According to one aspect of the present invention there is provided a method of manufacturing a prism coupler including the steps of disposing a prism on the surface of an optically flat waveguide such that the region therebetween is shaped for substantially optimum coupling of optical energy therebetween and securing the prism to the waveguide without causing deformation of the waveguide.
According to another aspect of the present invention there is provided a prism coupler including an optically flat waveguide, a prism disposed on the surface of the waveguide such that the region therebetween is shaped for substantially optimum coupling of optical energy therebetween and means securing the prism to the waveguide without causing deformation of the waveguide.
Embodiments of the invention will now be described with reference to the accompanying drawings, in which:
FIG. 1 illustrates a basic conventional prism coupler,
FIGS. 2a and 2b, respectively, illustrate optimum gap profile and Gaussian input beam power distribution relative to the distance along the coupling region,
FIG. 3 illustrates another conventional prism coupler,
FIGS. 4, 5 and 6 illustrate coupler structures proposed by the present invention, and
FIG. 7 illustrates, schematically, a practical coupler structure employing the structure of FIG. 4.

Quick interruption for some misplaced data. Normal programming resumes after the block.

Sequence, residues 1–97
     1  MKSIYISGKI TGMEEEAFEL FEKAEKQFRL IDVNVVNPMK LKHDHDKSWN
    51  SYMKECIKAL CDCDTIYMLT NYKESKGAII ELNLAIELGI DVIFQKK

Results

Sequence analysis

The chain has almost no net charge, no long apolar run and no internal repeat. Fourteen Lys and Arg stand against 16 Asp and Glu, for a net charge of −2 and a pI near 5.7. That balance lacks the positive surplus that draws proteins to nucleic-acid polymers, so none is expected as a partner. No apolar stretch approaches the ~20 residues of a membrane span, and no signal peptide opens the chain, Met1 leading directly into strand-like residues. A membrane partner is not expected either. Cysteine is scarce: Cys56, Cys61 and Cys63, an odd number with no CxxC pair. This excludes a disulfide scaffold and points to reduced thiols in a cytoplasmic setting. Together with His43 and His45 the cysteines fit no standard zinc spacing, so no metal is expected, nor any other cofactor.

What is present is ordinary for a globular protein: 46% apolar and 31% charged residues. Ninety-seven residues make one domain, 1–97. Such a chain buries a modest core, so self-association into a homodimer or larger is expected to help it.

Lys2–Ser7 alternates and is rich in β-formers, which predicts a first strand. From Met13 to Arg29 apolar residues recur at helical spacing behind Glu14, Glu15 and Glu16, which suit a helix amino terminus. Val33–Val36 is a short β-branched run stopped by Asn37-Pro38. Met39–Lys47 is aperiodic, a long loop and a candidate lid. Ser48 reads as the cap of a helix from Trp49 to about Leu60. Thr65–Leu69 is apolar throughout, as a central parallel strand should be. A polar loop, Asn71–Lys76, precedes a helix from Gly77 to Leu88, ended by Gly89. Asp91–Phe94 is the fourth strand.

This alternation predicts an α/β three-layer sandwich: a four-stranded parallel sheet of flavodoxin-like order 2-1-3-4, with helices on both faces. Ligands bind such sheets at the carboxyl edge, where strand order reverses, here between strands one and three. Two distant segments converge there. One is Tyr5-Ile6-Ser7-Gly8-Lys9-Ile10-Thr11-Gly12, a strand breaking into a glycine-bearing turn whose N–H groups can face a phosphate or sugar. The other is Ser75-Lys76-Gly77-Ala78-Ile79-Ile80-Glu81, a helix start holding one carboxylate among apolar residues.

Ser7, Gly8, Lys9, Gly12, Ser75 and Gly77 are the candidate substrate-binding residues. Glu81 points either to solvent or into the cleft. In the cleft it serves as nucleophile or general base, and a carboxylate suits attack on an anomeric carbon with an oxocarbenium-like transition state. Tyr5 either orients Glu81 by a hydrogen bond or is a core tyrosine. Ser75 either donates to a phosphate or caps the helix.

In order to produce the necessary gap, rather than by applying pressure between the prism and the waveguide to deform the waveguide, in the structures of the present invention the waveguide surface is kept optically flat in the region where the prism and the waveguide are to be in "contact". The contact is generally not attainable since dust particles and surface irregularities will keep the prism and the waveguide apart by a fraction of a micron. The surface of the waveguide is required to be optically flat in order to avoid high mechanical stresses in the coupling region. The gap is formed by shaping the base of the prism or by using spacers placed between the prism and the waveguide, in order to form a region between the prism and the waveguide which is shaped for substantially optimum coupling. Spacers may be provided by means of thin films of, for example, evaporated aluminium, deposited on the waveguide or prism surface. The surface of the waveguide is required to be optically flat in order to avoid high mechanical stresses in the coupling region. The coupler structure illustrated in FIG. 4 employs a prism 10 with a curved base disposed on a waveguide 11 provided on a substrate 12. In FIG. 5 is shown a coupler structure comprising a prism 13 separated from a waveguide 14 by a gap defined by spacers 15 and 16. FIG. 6 shows a coupler structure comprising a prism 17 separated from a waveguide 18 by a tapered spacer 19. In both cases the spacers may be formed on either the prism and/or waveguide. Since the gap is not produced by material deformation a large force is not required to press the prism and waveguide together and, therefore, parameters such as coupling length and gap profile may be more readily controlled than hitherto.